Once you have reached the right stage for the fluff, you pour it into (or plop, it’s thick!) an oiled pan and smooth it out. The fluff sets into a giant marshmallow which you’ll then slice into cubes or shapes of your choice.
Why make apple cider marshmallows?
Unlike most marshmallow recipes you’ll find online, this one has absolutely no corn syrup in it at all, we’ll use honey! And to add depth to the flavor we use brown sugar because, yummy molasses. Also, we are not going to ruin our hard work dusting these babies in cornstarch which doesn’t melt on the tongue. Nope, nope. We’ll use organic powdered sugar and cinnamon. And after about 30 minutes of work, a few hours of rest, some chop chop and dust dust, you’ll take a bite, and suddenly you are transported, into all. things. fall.
Use a deep pot. Because we are using honey, the sugar boils up high and to avoid any spills (and sugar burns) a deep pot is necessary.
The candy thermometer should reach 250 F – no less and no more! A lot of marshmallow recipes tell you to get to 240 or 245, but the recipe that inspired this one (Stella Parks, from BraveTart) states 250 F for the ideal texture once set.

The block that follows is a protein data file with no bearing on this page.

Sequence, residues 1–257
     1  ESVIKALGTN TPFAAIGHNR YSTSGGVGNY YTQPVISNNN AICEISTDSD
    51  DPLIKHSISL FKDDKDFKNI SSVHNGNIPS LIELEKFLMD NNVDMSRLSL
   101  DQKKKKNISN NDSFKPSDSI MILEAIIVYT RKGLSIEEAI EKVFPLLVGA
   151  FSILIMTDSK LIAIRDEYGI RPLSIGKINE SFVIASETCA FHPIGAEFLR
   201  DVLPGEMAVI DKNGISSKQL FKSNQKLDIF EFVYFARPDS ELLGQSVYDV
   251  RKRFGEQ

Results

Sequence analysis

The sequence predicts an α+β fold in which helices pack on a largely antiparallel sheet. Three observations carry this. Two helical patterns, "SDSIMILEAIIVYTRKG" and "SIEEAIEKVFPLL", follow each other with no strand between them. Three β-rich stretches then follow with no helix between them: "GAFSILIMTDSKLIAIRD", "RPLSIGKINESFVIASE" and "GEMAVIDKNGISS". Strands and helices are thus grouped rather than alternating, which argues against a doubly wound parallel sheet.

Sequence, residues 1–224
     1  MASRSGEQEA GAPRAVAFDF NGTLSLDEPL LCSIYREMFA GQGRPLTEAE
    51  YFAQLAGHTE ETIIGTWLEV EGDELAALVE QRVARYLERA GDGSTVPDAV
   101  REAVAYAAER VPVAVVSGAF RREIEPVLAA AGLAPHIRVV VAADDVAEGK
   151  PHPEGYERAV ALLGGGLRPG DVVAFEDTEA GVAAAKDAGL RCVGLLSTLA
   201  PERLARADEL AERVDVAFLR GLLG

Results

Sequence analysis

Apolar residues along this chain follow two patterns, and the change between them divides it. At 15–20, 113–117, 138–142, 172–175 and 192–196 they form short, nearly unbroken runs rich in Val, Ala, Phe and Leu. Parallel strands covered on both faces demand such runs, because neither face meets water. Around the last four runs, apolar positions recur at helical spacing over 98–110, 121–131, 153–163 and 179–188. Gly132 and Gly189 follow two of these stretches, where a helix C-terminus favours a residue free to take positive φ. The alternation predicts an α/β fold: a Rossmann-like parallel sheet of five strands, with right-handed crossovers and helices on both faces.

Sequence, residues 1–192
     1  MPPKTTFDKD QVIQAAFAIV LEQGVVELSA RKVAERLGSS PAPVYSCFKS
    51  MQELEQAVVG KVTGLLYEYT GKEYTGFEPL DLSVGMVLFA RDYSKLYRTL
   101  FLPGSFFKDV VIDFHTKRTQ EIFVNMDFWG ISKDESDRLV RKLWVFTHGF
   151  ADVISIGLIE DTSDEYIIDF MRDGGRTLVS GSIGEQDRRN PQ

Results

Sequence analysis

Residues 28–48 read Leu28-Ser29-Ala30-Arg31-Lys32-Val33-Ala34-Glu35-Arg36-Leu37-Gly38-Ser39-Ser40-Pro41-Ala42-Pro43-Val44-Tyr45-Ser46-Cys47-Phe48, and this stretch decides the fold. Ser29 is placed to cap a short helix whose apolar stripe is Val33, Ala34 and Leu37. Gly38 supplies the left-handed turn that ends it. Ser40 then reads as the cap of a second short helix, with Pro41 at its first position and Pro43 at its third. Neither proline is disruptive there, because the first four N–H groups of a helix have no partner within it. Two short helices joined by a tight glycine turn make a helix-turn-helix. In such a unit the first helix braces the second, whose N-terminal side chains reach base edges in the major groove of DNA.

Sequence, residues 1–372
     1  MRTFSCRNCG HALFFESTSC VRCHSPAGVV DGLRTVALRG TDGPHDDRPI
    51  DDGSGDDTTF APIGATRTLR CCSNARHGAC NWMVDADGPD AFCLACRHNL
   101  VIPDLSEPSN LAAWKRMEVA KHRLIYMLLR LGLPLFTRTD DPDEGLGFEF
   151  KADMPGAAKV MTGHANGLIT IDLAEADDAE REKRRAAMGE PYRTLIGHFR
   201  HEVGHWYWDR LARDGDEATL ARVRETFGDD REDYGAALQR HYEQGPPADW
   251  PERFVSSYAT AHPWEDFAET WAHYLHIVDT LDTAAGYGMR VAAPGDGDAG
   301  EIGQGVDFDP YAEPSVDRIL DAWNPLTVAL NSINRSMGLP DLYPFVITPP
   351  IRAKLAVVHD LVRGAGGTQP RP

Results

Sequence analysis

The gelatin mix will stiffen as it sets. Once the sugar has reached candy stage, transfer it to the stand mixer bowl. In a microwave, heat the gelatin mix for less than 10 seconds, just enough for it to become liquid again.
A stand mixer is ideal for whipping: the marshmallow fluff needs about 10 minutes to whip on medium to high speed.
Prep the pan the mallow fluff will set in: I do this by spraying canola oil generously on the pan. If you don’t have the spray, use a flavorless oil to rub with your fingers all over the pan. While you are at it, oil the spatula you’ll use to transfer the fluff to the pan too!
The marshmallows will set at room temperature over about 4-6 hours, sometimes quicker depending on the temperature of your kitchen. In the fridge, they will set in two.